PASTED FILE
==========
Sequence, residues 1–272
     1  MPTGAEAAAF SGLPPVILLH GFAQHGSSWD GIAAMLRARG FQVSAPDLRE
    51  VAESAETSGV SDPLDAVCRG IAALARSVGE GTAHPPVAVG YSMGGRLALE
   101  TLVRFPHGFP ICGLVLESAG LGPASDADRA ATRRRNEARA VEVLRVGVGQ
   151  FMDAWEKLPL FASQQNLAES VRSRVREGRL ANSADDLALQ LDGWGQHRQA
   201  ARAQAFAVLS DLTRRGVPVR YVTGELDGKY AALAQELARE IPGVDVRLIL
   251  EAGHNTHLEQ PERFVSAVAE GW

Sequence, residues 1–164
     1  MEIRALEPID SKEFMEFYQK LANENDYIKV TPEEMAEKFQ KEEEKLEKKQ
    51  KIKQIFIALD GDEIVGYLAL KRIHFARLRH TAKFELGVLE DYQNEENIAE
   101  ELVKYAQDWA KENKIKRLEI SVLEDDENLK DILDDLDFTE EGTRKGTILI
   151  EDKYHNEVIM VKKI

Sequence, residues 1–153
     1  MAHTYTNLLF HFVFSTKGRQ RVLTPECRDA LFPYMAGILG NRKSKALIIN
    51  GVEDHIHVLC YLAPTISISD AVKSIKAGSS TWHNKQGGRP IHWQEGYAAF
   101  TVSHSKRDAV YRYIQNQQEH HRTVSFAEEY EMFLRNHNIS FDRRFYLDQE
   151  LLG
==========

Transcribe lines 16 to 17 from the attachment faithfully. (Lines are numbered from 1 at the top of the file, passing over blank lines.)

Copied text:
   101  TVSHSKRDAV YRYIQNQQEH HRTVSFAEEY EMFLRNHNIS FDRRFYLDQE
   151  LLG